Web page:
Witchcraft and cancer and oil leases feed the mix here, and Chee's relationship with white schoolteacher Mary Landon challenges his commitment to the rez and his aspirations as a Singer. The novel also contains the most memorable Anglo character in any of the books, a spooky professional killer. Hillerman tried for a similar effect in The Ghostway, but it doesn't work quite as well.
The ill-fated movie starring Lou Diamond Phillips didn't do the novel justice; no surprise, considering what the filmmakers were up against with the hailstorm of political infighting the set off by casting non-Navajos as Jim Chee and Joe Leaphorn (a decision that's a candidate for the "What Were They Thinking?" award). To make matters worse, a significant plot thread in the novel is the conflict between Hopi and Navajo over the Joint Use lands. These are parts of the country that were, in effect, "owned" by both the Hopis and the Navajos. The U.S. government, in its usual obtuseness, "solved" the problem by dividing the land up and then relocating anyone who ended up on land that no longer belonged to their tribe. Traditional Navajos were forced off land that their clans had used for centuries. (Sandra Osawa's film In the Heart of Big Mountain is about the effects of this decision.)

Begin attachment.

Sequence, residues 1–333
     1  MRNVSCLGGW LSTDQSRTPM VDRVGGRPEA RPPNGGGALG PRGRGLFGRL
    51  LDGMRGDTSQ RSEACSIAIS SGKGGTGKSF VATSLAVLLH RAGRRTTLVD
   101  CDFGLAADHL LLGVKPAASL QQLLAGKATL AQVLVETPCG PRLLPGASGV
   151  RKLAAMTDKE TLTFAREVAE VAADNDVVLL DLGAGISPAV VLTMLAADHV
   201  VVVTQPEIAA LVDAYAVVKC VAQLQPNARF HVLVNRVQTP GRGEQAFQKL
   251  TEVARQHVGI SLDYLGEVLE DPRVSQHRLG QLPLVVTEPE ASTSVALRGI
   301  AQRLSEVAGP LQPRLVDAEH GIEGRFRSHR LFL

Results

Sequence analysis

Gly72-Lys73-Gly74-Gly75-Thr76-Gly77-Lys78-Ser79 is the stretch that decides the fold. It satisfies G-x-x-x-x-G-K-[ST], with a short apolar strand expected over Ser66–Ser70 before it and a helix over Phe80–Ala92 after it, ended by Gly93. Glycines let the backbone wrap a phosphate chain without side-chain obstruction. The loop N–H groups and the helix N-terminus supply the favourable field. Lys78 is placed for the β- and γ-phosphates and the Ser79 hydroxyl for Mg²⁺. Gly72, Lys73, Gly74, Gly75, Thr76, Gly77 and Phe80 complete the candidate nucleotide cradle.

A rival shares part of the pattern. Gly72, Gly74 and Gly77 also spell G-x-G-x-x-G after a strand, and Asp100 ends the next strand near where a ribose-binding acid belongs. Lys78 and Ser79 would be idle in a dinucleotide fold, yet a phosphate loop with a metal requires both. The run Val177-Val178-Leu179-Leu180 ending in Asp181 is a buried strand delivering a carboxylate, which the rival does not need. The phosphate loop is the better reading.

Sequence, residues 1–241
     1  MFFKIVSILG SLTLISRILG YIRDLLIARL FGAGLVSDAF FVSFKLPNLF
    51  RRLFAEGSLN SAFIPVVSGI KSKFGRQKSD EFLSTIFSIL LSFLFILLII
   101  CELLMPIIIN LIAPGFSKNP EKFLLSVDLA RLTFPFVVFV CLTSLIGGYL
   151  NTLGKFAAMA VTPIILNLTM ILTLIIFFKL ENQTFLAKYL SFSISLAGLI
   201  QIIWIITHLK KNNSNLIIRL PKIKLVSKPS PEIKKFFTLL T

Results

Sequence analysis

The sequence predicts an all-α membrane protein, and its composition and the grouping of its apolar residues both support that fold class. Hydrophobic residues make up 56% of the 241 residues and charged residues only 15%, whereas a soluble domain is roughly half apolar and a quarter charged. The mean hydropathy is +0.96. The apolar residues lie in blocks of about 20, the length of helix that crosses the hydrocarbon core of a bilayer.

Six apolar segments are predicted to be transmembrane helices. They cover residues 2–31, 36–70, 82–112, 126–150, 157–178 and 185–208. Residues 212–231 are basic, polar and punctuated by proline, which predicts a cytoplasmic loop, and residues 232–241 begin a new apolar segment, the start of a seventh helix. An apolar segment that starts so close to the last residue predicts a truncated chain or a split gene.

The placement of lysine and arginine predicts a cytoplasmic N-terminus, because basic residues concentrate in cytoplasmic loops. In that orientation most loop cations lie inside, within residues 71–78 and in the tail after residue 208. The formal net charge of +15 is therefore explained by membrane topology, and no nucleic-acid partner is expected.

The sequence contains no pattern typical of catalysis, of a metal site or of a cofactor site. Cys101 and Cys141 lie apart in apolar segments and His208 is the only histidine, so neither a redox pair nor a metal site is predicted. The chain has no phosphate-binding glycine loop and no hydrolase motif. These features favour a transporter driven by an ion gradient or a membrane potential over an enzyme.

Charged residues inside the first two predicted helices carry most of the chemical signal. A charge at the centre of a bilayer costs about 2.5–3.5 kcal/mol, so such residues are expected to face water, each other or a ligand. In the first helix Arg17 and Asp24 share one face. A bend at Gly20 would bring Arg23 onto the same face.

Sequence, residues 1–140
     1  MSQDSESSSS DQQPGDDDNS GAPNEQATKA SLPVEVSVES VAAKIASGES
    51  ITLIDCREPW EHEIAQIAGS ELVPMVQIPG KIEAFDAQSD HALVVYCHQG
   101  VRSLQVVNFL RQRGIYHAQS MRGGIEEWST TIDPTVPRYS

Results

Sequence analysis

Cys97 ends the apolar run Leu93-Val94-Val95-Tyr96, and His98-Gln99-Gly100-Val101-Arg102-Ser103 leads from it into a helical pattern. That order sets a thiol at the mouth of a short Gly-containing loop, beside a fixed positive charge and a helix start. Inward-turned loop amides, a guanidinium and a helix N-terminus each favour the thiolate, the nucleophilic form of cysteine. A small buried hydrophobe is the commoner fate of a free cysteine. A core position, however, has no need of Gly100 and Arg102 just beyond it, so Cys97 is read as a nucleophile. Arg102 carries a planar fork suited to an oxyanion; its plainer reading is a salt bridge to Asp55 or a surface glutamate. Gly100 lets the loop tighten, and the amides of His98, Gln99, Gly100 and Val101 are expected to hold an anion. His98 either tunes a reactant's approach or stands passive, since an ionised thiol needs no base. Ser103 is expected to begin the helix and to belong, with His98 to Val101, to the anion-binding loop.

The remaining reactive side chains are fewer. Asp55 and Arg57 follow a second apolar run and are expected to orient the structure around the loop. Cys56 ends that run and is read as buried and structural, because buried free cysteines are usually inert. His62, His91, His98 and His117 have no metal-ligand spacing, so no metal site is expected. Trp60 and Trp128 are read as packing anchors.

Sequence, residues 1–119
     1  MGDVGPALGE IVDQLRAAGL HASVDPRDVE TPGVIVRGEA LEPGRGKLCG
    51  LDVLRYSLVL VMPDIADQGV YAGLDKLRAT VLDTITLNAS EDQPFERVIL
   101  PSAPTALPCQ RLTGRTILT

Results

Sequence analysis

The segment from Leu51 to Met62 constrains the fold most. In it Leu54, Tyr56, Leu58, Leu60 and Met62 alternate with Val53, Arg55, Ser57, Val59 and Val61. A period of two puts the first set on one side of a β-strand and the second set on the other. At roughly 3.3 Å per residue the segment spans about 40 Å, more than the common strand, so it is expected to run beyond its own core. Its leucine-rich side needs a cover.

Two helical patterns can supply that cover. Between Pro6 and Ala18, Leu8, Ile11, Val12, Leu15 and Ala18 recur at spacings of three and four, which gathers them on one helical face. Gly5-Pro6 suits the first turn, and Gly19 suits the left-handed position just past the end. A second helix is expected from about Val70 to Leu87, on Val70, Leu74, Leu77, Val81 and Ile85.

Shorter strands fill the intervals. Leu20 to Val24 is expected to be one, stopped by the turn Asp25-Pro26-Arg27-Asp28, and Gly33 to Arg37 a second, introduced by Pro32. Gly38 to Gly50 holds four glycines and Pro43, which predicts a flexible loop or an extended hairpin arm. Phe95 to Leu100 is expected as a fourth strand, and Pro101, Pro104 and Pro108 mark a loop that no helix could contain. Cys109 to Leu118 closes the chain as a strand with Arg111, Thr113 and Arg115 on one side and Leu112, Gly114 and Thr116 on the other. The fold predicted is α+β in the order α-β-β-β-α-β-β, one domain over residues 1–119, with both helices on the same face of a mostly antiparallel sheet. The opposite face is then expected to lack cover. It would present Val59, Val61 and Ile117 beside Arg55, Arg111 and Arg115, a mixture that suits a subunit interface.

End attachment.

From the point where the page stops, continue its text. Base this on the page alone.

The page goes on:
The filmmakers wandered into the aftershocks of the Joint Lands decision, intending to make a movie centered on the controversy, and they were blindsided by the resistance, anger, and animosity they encountered. Blindsided? Pretty amazing.
The classic Hillerman plot: A plane crash, possibly tied to a drug deal, a corpse whose palms and feet have been scalped (destruction of evidence or Navajo corpse medicine?), and a traditional Hopi wanted for sabotaging a windmill, all wound together in a surprising and consistent conclusion. Hillerman concentrates this book on the distinctions between Hopi and Navajo, and he uses Chee's status as a traditional Navajo to advantage in a number of scenes.
Chee has to deal with death taboos that he believes in while investigating a series of murders and the disappearance of a young Navajo girl. Chee's traditional values are illustrated graphically when he must enter a burial hogan to search for clues. This taboo is so strong even Leaphorn is troubled by violating it. Hillerman uses the event as a way of bringing the conflict between Chee and Mary Landon to a head.